From London to London: Glendale Crossing and a journey across an ocean
The Glendale Crossing team figured it would take about 600,000 steps to walk from the village in London, Ont. across Eastern Canada and the Atlantic Ocean to London, England, so if the residents were going to make it in time for the Olympics, they’d better start early.
The London to London journey began at the end of May, and as of the writing of this story just over two weeks before the opening ceremonies in the U.K., residents have cleared more than 500,000 steps with a large mural of the Atlantic Ocean on the gym wall drawing them towards their goal.
Together with the Program for Active Living (PAL) team, kinesiologist Amy Harbin has counted every step taken between the parallel bars, every lap in the pool and every turn of the bike pedals as residents strive to make it to London.
The team has been profiling the resident athletes as the journey continues, and discovering sports enthusiasts of all backgrounds — even one Olympian diver who decades ago competed with the world.
Amy says the innovative idea, which came from kinesiology student Lisanne Kennedy who's completing a placement at the village, has been a fantastic way to engage with residents and inspire excitement about regular physical activity.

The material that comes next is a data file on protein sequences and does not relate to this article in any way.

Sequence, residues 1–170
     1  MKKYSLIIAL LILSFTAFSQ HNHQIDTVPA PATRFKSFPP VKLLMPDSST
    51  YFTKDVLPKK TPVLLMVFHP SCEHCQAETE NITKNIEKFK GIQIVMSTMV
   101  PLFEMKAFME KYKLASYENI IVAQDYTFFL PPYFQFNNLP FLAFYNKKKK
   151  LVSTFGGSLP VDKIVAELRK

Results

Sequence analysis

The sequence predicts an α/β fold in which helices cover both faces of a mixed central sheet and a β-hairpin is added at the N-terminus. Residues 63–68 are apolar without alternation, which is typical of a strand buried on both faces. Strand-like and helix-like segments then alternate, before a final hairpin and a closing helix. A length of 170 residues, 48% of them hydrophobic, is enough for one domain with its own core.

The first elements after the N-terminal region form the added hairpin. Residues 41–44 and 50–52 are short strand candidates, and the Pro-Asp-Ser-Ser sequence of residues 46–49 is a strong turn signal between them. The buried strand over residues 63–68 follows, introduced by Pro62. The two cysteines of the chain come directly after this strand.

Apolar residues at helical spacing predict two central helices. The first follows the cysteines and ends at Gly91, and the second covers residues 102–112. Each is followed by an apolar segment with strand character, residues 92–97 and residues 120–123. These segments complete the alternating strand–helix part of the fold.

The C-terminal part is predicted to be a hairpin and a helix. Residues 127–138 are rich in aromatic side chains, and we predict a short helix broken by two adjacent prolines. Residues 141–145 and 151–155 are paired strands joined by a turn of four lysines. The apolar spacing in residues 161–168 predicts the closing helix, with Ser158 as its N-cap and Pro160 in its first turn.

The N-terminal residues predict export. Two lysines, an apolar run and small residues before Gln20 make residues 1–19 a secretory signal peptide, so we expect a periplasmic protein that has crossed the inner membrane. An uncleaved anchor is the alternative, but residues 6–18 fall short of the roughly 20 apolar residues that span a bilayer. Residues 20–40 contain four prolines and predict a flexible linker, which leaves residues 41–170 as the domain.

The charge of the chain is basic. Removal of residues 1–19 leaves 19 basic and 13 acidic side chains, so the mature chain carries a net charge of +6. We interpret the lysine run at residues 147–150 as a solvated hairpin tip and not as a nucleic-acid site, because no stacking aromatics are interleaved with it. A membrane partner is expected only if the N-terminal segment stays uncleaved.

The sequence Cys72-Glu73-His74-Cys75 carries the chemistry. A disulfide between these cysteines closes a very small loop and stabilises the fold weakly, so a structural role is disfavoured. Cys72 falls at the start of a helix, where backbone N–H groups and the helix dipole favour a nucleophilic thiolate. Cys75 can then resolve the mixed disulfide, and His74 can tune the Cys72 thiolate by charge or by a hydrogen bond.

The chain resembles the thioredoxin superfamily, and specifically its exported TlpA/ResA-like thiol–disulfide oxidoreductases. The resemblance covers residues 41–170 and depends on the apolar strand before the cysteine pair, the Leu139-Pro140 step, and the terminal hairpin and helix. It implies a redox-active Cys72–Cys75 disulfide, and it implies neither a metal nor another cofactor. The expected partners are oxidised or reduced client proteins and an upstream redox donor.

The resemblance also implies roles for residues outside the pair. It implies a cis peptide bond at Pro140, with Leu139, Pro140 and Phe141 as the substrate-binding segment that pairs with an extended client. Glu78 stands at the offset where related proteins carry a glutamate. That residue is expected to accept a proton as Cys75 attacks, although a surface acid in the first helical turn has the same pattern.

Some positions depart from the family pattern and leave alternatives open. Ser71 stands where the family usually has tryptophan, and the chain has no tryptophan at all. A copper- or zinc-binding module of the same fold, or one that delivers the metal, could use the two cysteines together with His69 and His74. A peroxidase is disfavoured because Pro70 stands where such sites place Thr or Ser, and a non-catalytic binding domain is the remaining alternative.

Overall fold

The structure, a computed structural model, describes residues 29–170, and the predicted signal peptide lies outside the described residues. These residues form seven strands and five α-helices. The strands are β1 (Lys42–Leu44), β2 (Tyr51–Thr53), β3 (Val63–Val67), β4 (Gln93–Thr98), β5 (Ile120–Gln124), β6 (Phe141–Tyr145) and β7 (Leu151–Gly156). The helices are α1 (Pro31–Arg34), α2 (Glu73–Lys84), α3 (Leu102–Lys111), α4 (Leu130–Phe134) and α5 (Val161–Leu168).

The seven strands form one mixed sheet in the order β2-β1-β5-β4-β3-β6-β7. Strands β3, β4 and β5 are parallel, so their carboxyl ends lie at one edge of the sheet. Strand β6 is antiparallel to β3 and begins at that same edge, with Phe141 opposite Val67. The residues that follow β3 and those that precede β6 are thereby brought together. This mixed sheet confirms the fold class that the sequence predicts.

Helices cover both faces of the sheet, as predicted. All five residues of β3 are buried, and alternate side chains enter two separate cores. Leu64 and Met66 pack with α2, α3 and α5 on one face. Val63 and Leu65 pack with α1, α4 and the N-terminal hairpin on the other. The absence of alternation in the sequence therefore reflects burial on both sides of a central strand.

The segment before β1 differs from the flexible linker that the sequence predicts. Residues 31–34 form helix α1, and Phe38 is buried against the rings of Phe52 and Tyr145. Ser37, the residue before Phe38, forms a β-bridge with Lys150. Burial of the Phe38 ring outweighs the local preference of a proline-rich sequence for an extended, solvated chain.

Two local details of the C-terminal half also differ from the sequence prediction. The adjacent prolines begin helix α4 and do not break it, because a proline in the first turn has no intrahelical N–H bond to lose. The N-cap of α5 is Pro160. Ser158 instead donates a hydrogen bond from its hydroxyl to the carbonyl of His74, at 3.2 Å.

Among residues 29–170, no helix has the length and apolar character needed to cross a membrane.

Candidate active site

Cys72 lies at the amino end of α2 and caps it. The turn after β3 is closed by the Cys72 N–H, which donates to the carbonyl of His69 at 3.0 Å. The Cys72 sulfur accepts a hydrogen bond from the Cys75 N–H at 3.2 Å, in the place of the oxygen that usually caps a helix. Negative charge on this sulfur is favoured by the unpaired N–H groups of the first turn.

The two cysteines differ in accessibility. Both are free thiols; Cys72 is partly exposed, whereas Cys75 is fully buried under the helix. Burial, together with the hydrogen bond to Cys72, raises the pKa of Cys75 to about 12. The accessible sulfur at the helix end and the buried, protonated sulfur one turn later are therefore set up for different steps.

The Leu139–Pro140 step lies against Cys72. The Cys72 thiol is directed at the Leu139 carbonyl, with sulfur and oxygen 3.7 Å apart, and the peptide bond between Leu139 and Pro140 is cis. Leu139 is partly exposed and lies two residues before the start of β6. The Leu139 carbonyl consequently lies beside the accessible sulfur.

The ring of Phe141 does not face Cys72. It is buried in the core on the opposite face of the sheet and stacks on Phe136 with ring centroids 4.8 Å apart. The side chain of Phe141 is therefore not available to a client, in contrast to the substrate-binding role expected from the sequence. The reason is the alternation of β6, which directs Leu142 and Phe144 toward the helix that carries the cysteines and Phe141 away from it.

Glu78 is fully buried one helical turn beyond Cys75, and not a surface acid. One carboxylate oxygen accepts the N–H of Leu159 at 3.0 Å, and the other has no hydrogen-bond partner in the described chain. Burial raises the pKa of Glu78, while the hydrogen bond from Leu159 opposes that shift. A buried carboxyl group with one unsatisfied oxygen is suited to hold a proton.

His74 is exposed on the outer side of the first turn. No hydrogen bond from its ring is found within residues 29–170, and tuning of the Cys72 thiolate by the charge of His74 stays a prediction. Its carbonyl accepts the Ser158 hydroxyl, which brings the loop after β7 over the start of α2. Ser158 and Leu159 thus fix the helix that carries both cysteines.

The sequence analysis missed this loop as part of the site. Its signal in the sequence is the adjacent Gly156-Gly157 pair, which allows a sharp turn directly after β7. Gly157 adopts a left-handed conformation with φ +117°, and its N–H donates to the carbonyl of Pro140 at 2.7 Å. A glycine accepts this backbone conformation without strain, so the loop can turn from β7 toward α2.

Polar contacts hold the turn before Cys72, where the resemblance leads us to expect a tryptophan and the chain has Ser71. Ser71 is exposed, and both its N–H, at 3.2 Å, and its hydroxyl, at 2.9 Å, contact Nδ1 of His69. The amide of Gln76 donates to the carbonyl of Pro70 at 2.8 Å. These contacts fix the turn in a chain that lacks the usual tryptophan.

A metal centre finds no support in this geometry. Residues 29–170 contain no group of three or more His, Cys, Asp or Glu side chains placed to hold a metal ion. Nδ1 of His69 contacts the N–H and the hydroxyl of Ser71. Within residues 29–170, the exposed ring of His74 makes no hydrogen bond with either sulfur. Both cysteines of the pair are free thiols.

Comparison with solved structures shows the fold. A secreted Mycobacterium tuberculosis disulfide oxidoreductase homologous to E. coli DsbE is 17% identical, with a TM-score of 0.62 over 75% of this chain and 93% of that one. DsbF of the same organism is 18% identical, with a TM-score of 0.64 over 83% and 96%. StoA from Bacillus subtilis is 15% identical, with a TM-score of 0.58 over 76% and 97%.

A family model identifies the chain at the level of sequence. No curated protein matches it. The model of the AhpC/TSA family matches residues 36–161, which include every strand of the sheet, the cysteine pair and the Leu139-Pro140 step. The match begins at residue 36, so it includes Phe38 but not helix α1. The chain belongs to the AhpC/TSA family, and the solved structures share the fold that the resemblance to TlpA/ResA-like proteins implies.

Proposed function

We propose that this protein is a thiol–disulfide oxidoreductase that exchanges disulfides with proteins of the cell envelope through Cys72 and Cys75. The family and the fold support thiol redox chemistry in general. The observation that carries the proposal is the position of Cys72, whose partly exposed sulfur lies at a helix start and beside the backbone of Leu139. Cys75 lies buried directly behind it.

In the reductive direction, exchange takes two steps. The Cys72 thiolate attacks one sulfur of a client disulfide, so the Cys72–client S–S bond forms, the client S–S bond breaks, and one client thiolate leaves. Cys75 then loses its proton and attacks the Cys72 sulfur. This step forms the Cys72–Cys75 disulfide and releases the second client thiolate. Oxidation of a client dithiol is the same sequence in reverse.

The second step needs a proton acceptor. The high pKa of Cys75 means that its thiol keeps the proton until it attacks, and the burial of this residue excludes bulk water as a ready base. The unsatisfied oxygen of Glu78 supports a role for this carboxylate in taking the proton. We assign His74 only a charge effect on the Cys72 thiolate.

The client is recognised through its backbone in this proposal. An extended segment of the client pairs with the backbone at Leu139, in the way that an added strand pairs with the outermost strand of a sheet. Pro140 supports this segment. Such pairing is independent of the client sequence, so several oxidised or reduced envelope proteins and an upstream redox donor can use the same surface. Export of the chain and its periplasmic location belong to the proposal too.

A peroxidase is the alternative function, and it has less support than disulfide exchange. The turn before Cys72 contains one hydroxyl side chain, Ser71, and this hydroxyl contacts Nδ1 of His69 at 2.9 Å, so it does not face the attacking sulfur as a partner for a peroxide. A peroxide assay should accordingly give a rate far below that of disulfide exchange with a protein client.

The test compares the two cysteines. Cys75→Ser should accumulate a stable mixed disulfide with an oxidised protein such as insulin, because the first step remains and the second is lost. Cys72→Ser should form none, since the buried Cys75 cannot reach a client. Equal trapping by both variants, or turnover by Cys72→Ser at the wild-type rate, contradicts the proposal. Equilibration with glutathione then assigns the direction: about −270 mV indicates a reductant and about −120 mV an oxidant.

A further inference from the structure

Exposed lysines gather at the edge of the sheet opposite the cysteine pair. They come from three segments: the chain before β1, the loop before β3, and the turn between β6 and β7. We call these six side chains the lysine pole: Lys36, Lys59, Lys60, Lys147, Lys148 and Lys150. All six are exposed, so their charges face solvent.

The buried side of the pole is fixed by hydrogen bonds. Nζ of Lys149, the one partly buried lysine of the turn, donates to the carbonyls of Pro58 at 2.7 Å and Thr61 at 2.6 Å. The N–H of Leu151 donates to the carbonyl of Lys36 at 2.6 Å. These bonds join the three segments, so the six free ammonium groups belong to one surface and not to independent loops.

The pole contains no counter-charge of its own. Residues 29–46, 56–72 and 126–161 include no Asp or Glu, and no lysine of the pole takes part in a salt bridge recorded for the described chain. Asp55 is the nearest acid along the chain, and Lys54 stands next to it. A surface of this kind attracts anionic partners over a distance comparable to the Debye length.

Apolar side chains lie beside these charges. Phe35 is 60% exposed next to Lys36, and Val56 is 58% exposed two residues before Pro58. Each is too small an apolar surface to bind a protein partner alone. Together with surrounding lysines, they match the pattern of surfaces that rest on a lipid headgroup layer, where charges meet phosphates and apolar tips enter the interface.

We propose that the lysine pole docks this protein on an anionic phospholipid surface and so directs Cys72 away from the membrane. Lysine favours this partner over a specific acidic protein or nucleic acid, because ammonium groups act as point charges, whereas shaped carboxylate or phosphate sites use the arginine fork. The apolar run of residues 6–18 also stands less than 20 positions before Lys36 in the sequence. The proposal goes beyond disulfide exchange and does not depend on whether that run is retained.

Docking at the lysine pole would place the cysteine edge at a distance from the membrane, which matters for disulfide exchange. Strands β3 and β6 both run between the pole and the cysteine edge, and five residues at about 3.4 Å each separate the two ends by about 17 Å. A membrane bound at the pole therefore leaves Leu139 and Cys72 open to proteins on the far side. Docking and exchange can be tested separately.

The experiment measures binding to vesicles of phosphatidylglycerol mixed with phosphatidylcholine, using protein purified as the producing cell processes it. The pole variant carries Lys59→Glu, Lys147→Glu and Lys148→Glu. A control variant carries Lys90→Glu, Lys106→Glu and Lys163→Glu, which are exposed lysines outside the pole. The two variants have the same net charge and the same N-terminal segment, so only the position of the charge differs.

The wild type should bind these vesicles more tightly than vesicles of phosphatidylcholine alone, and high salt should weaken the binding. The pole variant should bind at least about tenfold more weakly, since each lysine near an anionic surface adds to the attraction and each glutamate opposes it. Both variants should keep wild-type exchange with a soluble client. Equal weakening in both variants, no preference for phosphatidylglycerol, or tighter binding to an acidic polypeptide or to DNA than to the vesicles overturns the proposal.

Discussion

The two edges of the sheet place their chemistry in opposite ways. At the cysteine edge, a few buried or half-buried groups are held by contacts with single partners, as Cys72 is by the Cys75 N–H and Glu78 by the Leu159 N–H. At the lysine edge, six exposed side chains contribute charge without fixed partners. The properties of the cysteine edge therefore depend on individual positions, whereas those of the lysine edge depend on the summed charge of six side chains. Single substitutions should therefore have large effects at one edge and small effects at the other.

“There are some people we’ve been struggling with to get active and that piece of competitiveness has brought them in to do exercise regularly,” Amy says.
This ongoing journey is leading up to the kickoff of the 2012 Schlegel Summer Olympics, where each village will send teams to compete at either Glendale Crossing or Sandalwood Park Aug. 9 or Aug. 2, respectively.
Through July, each village is holding internal competitions in events such as mini-golf, archery, or bocce ball and the results will determine the teams that will compete in one of the two cross-community events.
Amy says drawing team members and residents together around this theme helps break down stereotypical views of elderhood, as the community around them can see elders actively participating in Olympic fever.
“It helps (residents) connect with their community as a whole, it’s not just secluding them to the village and having activities; it makes them a part of what’s happening outside Glendale,” Amy says.
“It’s, I think, taking down those ageist ideas,” she adds, noting that residents are pleased to learn they can have fun with the Olympics, and team members say sharing the story with people in the community helps everyone to see that elders never really lose an appetite for friendly competition.
That appetite is healthy and strong at Glendale Crossing, with 500,000 steps tallied to prove it.
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